PwC publishes BAME pay gap Article icon


PwC has revealed that its Black, Asian and minority ethnic employees are paid, on average, 13 per cent less than their white colleagues as the professional services firm becomes one of the first organisations to reveal its BAME pay gap.

The move is part of a drive by PwC to 'shine the spotlight on ethnicity in the workplace and encourage organisations to take action', according to chairman Kevin Ellis. PwC was also one of the first organisations to voluntarily report its gender pay gap analysis in 2014.

Ellis added: 'We need to start looking beyond the narrow lens of gender, otherwise true workplace diversity won't be achieved.  While progress has been made, many barriers still exist in today's businesses which means people aren't able to reach their full potential. The more we understand what these barriers are and why they exist, the quicker we'll be able to work towards creating truly inclusive organisations.'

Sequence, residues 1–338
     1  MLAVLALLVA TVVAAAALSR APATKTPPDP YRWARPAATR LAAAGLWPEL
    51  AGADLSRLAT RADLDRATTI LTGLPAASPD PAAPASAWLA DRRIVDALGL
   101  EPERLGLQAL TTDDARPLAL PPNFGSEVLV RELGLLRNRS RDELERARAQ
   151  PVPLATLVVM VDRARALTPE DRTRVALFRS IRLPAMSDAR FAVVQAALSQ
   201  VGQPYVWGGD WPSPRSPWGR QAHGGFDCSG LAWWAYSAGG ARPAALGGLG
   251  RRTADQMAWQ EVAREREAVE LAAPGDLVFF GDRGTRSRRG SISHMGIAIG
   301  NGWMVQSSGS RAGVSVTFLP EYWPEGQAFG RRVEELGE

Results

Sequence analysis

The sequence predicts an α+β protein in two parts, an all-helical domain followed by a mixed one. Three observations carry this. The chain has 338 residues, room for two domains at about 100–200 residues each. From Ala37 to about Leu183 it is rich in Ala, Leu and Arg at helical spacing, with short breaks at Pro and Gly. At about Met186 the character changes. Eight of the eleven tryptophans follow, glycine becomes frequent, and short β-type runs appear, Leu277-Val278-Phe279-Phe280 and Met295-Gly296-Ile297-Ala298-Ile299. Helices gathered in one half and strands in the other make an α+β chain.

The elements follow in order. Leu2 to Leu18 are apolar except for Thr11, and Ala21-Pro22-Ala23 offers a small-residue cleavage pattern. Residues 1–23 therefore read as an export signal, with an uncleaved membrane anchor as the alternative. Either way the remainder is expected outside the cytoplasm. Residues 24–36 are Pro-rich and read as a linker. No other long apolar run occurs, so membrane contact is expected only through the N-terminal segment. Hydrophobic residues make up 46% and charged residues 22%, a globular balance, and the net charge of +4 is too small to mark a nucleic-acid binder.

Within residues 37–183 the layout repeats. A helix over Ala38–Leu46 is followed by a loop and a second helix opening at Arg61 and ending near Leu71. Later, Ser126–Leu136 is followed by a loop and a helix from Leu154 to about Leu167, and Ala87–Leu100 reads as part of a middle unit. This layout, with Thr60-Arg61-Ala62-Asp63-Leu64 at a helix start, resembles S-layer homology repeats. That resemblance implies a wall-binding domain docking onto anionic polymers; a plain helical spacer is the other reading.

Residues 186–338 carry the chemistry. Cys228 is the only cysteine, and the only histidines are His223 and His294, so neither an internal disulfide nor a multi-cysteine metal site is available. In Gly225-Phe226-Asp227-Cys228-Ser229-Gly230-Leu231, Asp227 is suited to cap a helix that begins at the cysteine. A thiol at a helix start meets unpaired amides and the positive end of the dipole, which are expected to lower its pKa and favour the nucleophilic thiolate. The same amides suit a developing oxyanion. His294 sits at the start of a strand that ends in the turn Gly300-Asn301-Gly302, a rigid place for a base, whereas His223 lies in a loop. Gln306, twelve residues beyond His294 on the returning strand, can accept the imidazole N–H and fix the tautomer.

The firm's own analysis reveals that the pay gap is entirely driven by the fact that there are more non-BAME staff in senior high paid roles and more BAME staff in junior administrative roles. When these factors are stripped away, the BAME pay gap shrinks to 2.9 per cent. PwC also stressed that employees with the same job title and responsibilities would be paid the same, irrespective of ethnicity.

PwC currently employs almost 18,000 employees, of whom slightly fewer than 4,000 - around one in five - are of BAME ethnicity. The firm also revealed that it has more female partners (167) than ethnic ones (67), although 145 of its 889 partners failed to declare their ethnicity. Fewer than ten per cent of directors are of an ethnic background. 

However, the report shows changes are afoot. Roughly one in three associates come from a BAME background: a similar proportion is recorded among senior associates. 'Our priority is to do all we can to retain our junior BAME talent and improve rates of progression to senior management level,' said Ellis. 'We're aiming to achieve this through stronger accountability across our business to deliver our gender and ethnicity targets, monitoring our pipelines on a more regular basis and making sure that all of our people benefit from the most stretching of client engagements.'